FERC Approves Heightened Cyber Incident Reporting Standards
- Filter By Cybersecurity
On July 19, 2018, the Federal Energy Regulatory Commission (FERC) issued a final rule (Order No. 848) directing the North American Electric Reliability Corporation (NERC) to develop and submit modifications to NERC Reliability Standards related to Cyber Security Incident reporting. FERC recognized that, under the current Cyber Security Incident reporting Reliability Standard, incidents are only required to be reported if they have compromised or disrupted one or more reliability tasks. FERC issued Order No. 848 to strengthen Cyber Security Incident reporting requirements.
The Commission’s directive consists of four elements:
- Responsible entities must report Cyber Security Incidents that compromise, or attempt to compromise, a responsible entity’s Electronic Security Perimeter (ESP) or Electronic Access Control and Monitoring Systems (EACMS) associated with an ESP;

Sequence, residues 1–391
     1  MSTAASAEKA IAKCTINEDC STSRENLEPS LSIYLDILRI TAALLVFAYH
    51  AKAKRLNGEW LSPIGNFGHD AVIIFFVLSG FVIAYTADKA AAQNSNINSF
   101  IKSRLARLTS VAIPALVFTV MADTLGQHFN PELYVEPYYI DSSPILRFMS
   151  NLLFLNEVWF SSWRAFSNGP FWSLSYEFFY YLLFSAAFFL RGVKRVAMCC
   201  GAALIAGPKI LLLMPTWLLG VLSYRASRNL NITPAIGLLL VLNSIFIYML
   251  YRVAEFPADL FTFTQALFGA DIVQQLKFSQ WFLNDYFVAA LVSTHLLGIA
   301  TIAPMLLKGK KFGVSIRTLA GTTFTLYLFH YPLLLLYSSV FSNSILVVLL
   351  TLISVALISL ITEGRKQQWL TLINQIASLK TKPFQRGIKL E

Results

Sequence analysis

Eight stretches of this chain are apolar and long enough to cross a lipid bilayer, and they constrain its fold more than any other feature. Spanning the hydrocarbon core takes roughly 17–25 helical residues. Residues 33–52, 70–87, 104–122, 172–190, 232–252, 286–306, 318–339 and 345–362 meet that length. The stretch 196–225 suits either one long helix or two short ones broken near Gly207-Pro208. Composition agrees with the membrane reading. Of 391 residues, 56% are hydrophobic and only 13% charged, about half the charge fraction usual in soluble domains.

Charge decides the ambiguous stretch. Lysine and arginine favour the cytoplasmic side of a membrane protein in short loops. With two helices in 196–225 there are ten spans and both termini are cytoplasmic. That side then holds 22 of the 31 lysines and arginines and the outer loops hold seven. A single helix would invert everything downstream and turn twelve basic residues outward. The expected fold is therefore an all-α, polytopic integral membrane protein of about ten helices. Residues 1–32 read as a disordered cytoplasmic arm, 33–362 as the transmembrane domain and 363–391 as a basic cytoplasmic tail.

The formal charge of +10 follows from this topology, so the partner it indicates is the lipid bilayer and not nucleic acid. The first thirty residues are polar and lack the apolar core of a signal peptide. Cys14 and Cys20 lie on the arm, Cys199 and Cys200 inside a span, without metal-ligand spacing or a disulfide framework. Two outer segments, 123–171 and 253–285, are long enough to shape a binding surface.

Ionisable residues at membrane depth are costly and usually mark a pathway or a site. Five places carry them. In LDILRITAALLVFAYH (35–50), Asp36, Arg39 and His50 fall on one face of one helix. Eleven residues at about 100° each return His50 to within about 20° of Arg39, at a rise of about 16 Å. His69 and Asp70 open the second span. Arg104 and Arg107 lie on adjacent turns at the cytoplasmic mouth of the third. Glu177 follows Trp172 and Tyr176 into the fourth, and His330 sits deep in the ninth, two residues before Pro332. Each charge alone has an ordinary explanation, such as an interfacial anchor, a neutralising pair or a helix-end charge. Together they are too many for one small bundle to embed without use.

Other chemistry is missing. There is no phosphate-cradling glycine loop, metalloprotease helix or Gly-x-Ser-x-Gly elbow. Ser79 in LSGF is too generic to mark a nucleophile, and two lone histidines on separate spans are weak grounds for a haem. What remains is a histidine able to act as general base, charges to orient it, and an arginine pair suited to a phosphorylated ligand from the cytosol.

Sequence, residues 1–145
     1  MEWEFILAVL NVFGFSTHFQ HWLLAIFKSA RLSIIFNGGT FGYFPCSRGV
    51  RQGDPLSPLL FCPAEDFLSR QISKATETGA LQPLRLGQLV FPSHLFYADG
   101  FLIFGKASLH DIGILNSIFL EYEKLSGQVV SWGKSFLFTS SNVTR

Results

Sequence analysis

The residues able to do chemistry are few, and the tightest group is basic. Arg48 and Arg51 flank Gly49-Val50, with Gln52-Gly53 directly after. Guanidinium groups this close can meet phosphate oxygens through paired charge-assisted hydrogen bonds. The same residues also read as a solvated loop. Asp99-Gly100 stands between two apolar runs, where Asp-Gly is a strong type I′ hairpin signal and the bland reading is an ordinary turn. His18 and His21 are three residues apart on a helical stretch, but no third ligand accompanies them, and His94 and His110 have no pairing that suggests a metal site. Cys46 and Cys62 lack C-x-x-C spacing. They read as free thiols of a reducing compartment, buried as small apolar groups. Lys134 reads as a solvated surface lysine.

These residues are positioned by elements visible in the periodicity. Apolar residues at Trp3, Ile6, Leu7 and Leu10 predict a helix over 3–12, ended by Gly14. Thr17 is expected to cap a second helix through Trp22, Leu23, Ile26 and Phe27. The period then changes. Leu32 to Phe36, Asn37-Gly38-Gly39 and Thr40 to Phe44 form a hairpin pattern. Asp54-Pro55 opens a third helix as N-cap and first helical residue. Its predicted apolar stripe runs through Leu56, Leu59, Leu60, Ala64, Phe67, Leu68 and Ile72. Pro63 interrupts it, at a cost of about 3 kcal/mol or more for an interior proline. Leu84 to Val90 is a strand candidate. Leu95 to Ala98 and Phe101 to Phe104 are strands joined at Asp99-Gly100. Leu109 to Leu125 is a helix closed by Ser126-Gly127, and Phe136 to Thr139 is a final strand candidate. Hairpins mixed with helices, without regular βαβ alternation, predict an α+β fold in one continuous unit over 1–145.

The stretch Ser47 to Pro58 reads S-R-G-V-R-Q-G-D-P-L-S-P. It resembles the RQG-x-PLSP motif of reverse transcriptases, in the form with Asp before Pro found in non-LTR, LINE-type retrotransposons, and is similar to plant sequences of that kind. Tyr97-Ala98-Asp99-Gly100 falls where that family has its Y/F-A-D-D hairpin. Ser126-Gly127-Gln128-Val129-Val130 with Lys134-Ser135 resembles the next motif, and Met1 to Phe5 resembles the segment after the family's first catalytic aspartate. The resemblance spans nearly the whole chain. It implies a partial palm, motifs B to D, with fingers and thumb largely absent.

- Required information in Cyber Security Incident reports should include certain minimum information to improve the quality of reporting and allow for ease of comparison by ensuring that each report includes specified fields of information;
- The filing deadline for Cyber Security Incident reports should be established once a compromise or disruption to reliable BES operation, or an attempt to compromise or disrupt, is identified by a responsible entity; and
- Cyber Security Incident reports should continue to be sent to the Electricity Information Sharing and Analysis Center (E-ISAC), rather than the Commission, but the reports should also be sent to DHS’s Industrial Control Systems Cyber Emergency Response Team (ICS-CERT). Finally, NERC must file an annual, public, and anonymized summary of the reports with the Commission.
FERC also suggested that NERC develop a flexible reporting timeline that reflects the severity of a Cyber Security Incident to help address the administrative burden of reporting attempted compromises.
NERC is required to develop modifications to the Reliability Standards within six months. The final rule will take effect 60 days after publication in the Federal Register.
View FERC’s final rule here.